h/t @RudyHavenstin



112 Former AGs Seek Pardon for Former Ala. Governor Don Siegelman

(CN) – One hundred and twelve former state attorneys general have asked President Barack Obama to pardon former Alabama Gov. Don Siegelman, who is close to completing a six-and-a-half year stretch in prison for bribery and obstruction of justice.
The bipartisan group says in a letter delivered to the White House on Wednesday that Siegelman’s conviction a decade ago is both “unjust” and “continues to eat away at the integrity of the justice system.”
“Many legal scholars as well as the public at large believe that the prosecution of Gov. Siegelman was a perversion of justice,” the letter says.
Siegelman was convicted in 2006 of charges that he sold a seat on a state regulatory board in exchange for a $500,000 donation that the governor purportedly wanted to use to further his goal of establishing a state lottery.
He was also convicted of trying to obstruct the investigation into those charges.
Since then, former attorneys general have been diligently working on the case. In 2008, 44 attorneys general prevailed upon the House Judiciary Committee to initiate a report on Siegelman’s trial and conviction. On the heels of that effort, 75 attorneys general wrote the office of the U.S. attorney general on the former governor’s behalf, and numerous legal briefs have been filed al lthe way up to the Supreme Court.

Read on.

Federal regulators investigating how Wall Street Journal’s ‘living wills’ story reported the day before the regulators officially announced their determinations

The Federal Reserve and Federal Deposit Insurance Corporation are investigating how the Wall Street Journal came to report that the two agencies were giving failing grades to some U.S. banks’ “living wills” the day before the regulators officially announced their determinations.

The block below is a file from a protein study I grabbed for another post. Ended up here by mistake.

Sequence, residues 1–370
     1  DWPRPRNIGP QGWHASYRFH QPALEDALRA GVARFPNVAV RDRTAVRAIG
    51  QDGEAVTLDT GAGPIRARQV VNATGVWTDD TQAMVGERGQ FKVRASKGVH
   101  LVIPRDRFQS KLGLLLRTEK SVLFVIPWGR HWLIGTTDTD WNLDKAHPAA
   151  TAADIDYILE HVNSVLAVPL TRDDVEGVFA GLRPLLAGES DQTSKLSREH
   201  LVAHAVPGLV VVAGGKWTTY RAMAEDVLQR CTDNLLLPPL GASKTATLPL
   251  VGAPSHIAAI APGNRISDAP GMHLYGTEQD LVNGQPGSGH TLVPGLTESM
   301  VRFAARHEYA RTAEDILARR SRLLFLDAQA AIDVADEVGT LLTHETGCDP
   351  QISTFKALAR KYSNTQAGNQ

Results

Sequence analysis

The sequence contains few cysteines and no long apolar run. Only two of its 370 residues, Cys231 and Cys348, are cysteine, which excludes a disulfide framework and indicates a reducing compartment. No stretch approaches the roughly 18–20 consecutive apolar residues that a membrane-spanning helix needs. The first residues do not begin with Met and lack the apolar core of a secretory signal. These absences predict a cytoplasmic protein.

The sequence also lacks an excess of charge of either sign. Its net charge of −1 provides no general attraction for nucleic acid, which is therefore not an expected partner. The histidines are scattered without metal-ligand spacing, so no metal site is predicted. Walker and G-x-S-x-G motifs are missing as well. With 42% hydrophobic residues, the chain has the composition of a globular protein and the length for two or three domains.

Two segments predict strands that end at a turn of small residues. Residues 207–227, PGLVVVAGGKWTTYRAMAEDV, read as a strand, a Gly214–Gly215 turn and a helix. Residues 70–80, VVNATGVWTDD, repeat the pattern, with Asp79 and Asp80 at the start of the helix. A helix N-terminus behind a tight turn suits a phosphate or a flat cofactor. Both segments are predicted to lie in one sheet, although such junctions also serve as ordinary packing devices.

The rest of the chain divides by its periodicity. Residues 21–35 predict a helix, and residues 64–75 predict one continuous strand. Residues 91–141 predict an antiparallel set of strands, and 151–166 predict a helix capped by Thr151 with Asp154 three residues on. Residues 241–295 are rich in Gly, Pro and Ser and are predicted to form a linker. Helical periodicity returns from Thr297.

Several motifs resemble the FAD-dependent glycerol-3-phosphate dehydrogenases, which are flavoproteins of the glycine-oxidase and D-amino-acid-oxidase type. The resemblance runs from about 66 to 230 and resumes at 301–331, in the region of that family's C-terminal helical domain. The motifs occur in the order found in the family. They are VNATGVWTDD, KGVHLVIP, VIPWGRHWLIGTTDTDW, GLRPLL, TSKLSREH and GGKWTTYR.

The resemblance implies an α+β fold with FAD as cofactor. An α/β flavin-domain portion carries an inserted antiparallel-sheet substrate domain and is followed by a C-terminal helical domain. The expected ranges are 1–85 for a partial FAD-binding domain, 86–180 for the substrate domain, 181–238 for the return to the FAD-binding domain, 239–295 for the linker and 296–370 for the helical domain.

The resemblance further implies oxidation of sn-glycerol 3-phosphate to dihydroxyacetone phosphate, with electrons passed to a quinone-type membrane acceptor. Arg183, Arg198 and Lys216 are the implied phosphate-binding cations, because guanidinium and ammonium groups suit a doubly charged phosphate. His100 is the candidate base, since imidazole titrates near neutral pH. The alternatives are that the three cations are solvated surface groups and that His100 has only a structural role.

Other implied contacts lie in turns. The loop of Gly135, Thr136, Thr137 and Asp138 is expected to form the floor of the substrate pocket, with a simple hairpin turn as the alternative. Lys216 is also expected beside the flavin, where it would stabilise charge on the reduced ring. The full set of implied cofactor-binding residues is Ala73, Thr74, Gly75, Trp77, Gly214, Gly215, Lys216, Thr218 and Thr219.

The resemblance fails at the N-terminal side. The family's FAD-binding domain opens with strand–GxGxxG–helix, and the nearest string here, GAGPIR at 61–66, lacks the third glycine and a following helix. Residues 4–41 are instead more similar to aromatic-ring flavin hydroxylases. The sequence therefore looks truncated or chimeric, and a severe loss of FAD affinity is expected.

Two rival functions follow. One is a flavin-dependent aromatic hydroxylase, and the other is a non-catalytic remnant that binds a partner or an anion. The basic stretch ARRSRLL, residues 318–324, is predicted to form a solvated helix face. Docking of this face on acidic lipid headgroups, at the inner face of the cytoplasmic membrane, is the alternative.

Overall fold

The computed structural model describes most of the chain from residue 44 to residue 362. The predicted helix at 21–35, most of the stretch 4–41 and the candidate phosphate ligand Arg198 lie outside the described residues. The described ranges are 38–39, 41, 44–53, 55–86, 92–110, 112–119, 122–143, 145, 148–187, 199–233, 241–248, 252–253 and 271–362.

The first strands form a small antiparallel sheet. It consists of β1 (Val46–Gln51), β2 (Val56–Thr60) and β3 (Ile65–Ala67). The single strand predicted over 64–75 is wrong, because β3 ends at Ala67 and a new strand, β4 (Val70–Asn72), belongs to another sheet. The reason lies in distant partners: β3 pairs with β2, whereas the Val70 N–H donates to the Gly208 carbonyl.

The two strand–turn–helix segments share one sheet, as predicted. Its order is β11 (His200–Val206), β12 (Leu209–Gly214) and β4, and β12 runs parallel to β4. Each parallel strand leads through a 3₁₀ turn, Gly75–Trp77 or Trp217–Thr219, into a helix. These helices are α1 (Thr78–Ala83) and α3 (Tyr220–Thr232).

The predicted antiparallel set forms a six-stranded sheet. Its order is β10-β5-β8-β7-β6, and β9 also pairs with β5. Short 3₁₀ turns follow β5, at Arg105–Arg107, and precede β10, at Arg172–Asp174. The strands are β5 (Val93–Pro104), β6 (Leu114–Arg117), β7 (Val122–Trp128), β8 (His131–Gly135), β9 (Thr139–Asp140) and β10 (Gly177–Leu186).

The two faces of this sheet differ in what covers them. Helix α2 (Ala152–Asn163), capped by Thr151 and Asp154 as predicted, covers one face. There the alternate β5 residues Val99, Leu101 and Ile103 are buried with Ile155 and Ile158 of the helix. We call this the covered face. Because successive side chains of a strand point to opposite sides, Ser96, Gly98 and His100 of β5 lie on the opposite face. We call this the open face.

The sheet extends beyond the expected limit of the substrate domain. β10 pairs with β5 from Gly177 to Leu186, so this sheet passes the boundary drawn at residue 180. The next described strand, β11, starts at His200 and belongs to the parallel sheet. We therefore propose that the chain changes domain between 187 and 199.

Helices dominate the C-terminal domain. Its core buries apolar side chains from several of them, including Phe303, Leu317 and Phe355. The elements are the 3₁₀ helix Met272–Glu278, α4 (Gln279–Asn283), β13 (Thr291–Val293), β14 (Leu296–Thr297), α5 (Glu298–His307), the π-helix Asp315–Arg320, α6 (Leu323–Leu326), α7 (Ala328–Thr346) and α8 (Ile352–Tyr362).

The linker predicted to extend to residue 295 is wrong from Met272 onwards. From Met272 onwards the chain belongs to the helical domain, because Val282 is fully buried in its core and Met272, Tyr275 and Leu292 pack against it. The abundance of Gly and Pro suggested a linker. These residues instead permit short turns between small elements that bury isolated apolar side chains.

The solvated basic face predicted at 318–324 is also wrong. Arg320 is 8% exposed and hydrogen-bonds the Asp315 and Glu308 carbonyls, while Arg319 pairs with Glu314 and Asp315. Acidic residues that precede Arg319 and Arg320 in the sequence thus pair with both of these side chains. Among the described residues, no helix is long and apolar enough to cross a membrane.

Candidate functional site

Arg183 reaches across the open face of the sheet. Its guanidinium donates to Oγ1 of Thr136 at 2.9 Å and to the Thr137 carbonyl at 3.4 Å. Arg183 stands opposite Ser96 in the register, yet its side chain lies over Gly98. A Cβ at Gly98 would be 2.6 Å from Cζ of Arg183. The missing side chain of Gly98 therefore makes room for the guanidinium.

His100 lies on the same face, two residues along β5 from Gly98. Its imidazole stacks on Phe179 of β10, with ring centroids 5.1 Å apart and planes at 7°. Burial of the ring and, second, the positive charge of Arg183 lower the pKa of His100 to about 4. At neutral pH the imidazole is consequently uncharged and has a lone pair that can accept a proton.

A Fed spokesman, Eric Kollig, confirmed on Wednesday that the U.S. central bank has asked its inspector general, its internal watchdog, to check how the news outlet was able to report on Tuesday that at least half of the eight biggest U.S. banks, including J.P. Morgan Chase, would receive “harsh verdicts” on their plans for handling a potential bankruptcy without a federal bailout.

The FDIC’s chairman on Tuesday night asked the agency’s acting inspector general, Fred Gibson, to investigate the leak to the Journal of the results of the living will determinations, spokeswoman Barbara Hagenbaugh said.

On Wednesday, the two regulators said they gave failing grades to the plans of five big banks, including J.P. Morgan, starting a long regulatory chain that could end with breaking up the banks.

The Journal’s story hit Twitter and its home page hours before the regulators officially posted their determinations early on Wednesday morning and as financial markets prepared for banks to release their quarterly earnings.

Read on.

New legislation would permanently bar using Fannie, Freddie g-fees for federal spending

For much of last year, Congress engaged in a fight over the potential use of funds raised from Fannie Mae and Freddie Mac’s guarantee fees to cover federal spending.

Specifically, the use of g-fee funds to pay for a portion of a massive transportation billwas the subject of significant debate and several Congressional maneuvers, eventually leading to the removal of a controversial “pay-for” — the mechanism which funds the bill — that would have significantly delayed scheduled cuts in g-fees.

Now, new legislation introduced this week in the House of Representatives would ensure that a fight over the use of g-fees to fund federal spending will never happen, by permanently banning the use of g-fees as budgetary offsets.

Read on.